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Jet fuel prices take off - airline gloom worsens

27-Mar-2009

Jet fuel spot prices have soared in the past week, reflecting higher crude prices as the rally in global equity markets continued on the back of some more positive economic data in the US.

Underlying crude prices gathered momentum in the week to 24-Mar-09 (WTI +9.0% over the week).(Overnight, crude prices climbed to their 2009 highs above USD54 per barrel).

Jet fuel prices soared by 17.2% over the past week in New York, +19.4% at the US Gulf Coast, +17.5% in Los Angeles, +15.1% in Amsterdam and by a staggering +23.5% in Singapore.

However, over the past 12 months, jet fuel prices are still down by around 50%, whereas the spot price of oil (WTI) has fallen by 47.6%.

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Daily jet fuel prices (kerosene, cents per gallon) at New York, US Gulf Coast, Los Angeles, Amsterdam, Singapore vs Crude Spot price (WTI, USD per barrel): 17-Mar-09 to 24-Mar-09

 

17-Mar-09

18-Mar-09

19-Mar-09

20-Mar-09

23-Mar-09

24-Mar-09

one week
Change

12 month
Change

New York Harbor

131

133.69

139

143.17

152

153.47

17.2%

-51.6%

U.S. Gulf Coast

122.5

124.94

130.5

134.17

144.75

146.22

19.4%

-50.8%

Los Angeles

128.5

131.94

137

142.17

151.5

150.97

17.5%

-50.6%

Amsterdam-Rotterdam-Antwerp

129.92

129.62

134.99

138.39

147.75

149.56

15.1%

-50.3%

Singapore

119.17

127.14

129.05

137.62

141.79

147.21

23.5%

-50.3%

WTI Spot

48.97

48.12

51.46

51.55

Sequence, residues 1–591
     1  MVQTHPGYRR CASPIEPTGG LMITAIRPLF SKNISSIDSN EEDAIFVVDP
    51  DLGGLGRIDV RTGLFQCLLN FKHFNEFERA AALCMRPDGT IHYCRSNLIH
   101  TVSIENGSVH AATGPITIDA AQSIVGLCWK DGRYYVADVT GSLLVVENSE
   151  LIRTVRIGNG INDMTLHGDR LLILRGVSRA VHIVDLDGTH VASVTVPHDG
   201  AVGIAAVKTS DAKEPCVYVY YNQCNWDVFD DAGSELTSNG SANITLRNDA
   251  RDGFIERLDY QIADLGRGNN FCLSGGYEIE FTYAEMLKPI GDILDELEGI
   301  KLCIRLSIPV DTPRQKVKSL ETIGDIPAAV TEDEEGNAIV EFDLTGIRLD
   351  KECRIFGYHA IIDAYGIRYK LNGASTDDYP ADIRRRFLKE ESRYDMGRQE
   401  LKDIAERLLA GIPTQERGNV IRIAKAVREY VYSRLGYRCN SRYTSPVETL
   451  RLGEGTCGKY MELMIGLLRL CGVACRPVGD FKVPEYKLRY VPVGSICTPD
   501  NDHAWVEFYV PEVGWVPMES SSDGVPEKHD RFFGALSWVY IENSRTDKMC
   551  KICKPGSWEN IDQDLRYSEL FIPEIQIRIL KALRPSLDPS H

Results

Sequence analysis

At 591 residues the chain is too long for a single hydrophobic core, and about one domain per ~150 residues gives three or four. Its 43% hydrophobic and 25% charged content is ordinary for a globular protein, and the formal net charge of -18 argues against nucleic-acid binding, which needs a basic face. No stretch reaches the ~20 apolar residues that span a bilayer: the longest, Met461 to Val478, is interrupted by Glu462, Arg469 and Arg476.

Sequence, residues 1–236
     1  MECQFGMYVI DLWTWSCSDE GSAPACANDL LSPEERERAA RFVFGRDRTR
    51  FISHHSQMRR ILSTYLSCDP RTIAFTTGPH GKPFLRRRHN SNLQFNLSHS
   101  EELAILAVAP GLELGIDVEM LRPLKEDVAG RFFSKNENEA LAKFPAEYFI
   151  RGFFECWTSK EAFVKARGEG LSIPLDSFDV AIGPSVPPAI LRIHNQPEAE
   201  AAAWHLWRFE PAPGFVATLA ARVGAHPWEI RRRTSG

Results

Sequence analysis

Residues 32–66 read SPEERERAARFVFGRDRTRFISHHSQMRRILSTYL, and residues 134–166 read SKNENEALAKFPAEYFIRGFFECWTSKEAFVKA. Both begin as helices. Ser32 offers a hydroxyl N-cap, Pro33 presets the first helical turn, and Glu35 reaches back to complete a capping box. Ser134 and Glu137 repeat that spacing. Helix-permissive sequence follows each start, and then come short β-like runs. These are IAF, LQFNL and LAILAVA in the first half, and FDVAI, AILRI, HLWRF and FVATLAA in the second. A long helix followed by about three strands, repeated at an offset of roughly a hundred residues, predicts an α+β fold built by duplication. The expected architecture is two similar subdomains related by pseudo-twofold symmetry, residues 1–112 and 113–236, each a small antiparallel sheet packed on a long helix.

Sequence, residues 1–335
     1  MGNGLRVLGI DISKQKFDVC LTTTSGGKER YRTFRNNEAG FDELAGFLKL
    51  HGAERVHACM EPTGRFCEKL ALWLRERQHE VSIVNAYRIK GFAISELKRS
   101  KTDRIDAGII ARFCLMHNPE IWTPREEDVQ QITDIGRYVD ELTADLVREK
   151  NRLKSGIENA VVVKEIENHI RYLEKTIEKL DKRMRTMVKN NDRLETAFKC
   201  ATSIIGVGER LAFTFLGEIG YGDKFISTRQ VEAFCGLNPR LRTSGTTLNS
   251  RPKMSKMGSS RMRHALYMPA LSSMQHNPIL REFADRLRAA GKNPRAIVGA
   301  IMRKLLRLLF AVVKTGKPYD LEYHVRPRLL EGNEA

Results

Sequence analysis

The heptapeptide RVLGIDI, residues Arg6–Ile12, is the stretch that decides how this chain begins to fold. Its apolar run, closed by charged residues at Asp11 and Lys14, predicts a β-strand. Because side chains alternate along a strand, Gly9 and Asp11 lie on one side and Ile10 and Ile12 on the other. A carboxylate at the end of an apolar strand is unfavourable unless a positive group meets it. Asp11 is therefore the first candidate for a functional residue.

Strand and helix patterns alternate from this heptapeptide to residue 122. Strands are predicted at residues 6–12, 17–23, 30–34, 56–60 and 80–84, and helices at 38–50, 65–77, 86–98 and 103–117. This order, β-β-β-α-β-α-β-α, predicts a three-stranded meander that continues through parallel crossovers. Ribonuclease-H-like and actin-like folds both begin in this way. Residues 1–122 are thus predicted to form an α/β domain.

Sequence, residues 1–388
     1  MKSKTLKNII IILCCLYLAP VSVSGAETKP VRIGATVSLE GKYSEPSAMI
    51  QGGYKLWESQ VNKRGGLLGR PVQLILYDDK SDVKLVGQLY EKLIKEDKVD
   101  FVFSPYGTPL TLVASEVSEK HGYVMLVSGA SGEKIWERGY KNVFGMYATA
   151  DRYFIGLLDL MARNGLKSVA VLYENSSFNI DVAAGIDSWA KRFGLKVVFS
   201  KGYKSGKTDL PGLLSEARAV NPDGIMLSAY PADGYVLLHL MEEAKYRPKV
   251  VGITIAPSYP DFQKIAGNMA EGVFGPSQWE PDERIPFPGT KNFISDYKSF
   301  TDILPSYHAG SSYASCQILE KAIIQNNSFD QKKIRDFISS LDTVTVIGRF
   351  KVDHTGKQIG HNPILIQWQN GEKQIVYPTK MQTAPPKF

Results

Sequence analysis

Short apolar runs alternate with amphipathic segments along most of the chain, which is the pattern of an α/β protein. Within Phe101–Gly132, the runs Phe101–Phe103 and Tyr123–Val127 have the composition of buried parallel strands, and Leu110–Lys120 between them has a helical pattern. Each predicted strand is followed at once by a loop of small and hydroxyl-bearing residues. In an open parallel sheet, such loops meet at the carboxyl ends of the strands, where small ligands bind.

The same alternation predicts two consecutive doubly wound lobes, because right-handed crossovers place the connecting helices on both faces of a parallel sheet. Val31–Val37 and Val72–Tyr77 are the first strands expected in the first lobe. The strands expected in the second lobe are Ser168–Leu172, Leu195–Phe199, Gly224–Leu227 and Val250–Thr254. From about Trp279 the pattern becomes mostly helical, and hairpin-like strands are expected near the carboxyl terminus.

53.05

53.36

9.0%

-47.6%

Daily jet fuel prices (kerosene, cents per gallon) at New York, US Gulf Coast, Los Angeles, Amsterdam, Singapore: 25-Nov-08 to 24-Mar-09

Fuel hike a double whammy for crisis-ridden airlines

The increase in fuel prices is rubbing salt into the wound of airline earnings. IATA this week almost doubled its industry net loss forecast for 2009 to USD4.7 billion.

IATA's revised forecast is based on an average of USD50 per barrel for oil (Brent). At that level, the industry fuel bill will be USD116 billion. This represents 25% of costs in 2009 compared to 32% in 2008 and is a USD52 billion drop compared to last year. This is partly related to the price and partly related to the reduction in capacity.

However, industry revenues are expected to fall by USD62 billion this year. If oil prices continue to march higher, the gap between falling airline revenues and fuel costs could widen significantly more than the USD10 billion IATA is predicting, potentially blowing a massive hole in airline finances.


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